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Paul Goble's World: Native Americans' relationship to all created beings
Ernest Thompson Seton explains "The Gospel of the Redman"
Where to look to "see God Everywhere"?
Interview with Frithjof Schuon - on Primordiality
The Sacred Worlds Series
William C. Chittick explores "The Sufi Doctrine of Rumi"
The Fullness of God: Frithjof Schuon on Christianity
Interview with Frithjof Schuon - on Art
World Wisdom's Spiritual Classics series
Science and the Myth of Progress
Slideshows
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slide 9 of 10




“There was no stronger impulse in the Indian than the deep abiding love of his country and the soil on which he and his people had lived for generations. Their most desperate fights were those in which the bravest gladly gave their lives to hold their own country for their own people.”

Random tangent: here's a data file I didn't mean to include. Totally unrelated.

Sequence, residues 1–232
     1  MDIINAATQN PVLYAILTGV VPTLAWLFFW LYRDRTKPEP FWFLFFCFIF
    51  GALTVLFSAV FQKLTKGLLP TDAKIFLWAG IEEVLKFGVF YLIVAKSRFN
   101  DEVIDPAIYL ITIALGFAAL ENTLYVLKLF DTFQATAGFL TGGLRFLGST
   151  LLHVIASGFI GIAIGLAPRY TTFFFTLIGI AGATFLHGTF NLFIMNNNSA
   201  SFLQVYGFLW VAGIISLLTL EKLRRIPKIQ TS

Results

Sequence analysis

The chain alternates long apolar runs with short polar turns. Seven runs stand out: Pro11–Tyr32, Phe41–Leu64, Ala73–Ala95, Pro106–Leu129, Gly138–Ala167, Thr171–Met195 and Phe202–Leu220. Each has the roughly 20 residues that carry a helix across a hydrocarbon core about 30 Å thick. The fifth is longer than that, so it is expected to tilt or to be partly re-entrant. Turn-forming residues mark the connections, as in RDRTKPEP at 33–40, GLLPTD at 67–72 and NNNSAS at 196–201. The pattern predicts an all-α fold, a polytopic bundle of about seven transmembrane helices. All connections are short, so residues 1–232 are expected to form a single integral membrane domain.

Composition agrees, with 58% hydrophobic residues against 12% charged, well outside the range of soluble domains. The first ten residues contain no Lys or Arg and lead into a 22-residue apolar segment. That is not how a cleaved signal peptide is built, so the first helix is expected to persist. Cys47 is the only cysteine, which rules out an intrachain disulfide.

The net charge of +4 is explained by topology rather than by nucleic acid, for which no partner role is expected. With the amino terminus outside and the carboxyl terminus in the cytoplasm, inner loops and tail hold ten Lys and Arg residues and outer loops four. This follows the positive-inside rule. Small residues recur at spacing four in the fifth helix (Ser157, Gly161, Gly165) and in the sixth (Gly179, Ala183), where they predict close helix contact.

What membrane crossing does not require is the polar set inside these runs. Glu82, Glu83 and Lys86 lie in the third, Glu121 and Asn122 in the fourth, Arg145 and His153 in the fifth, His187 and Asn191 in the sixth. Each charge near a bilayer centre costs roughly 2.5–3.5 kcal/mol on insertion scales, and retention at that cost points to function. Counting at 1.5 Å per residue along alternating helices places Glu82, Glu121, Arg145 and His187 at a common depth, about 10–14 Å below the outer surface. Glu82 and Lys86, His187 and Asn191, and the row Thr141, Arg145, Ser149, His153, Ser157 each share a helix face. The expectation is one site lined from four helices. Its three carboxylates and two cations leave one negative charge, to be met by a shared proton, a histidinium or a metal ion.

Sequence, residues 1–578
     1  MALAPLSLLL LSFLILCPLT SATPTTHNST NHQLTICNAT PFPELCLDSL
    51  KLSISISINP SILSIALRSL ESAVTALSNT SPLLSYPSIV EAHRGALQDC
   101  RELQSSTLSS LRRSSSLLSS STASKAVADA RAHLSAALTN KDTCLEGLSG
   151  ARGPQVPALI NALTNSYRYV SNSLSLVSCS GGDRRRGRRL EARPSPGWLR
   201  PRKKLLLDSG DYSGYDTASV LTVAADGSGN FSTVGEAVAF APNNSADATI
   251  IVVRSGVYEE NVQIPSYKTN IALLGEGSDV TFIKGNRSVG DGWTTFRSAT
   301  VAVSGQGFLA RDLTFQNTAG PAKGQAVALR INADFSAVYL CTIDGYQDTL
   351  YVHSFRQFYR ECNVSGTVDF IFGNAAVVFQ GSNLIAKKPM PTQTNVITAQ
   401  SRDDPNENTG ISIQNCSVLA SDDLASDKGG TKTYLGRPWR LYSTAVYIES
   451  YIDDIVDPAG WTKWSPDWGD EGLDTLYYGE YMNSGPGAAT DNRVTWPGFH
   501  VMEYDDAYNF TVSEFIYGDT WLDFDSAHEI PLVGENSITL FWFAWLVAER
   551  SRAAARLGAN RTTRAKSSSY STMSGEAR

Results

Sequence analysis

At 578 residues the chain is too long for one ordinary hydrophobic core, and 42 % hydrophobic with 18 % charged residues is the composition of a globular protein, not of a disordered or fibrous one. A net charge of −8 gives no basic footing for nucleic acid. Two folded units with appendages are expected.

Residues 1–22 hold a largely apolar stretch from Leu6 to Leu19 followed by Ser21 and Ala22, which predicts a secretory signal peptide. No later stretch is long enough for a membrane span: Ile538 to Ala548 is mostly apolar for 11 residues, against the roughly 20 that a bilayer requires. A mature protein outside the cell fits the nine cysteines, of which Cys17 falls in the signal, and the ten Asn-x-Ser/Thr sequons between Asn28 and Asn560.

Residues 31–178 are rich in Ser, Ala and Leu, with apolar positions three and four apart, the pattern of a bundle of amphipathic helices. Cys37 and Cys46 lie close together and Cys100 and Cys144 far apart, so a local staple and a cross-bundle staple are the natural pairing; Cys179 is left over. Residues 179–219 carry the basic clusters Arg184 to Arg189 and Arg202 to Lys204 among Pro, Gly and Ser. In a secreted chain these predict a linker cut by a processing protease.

“The honor of their tribe, and the welfare of their nation is the first and most predominant emotion of their hearts; and from hence proceed in a great measure all their virtues and their vices. Actuated by this, they brave every danger, endure the most exquisite torments, and expire triumphing in their fortitude, not as a personal qualification, but as a national characteristic.”



Indian chief
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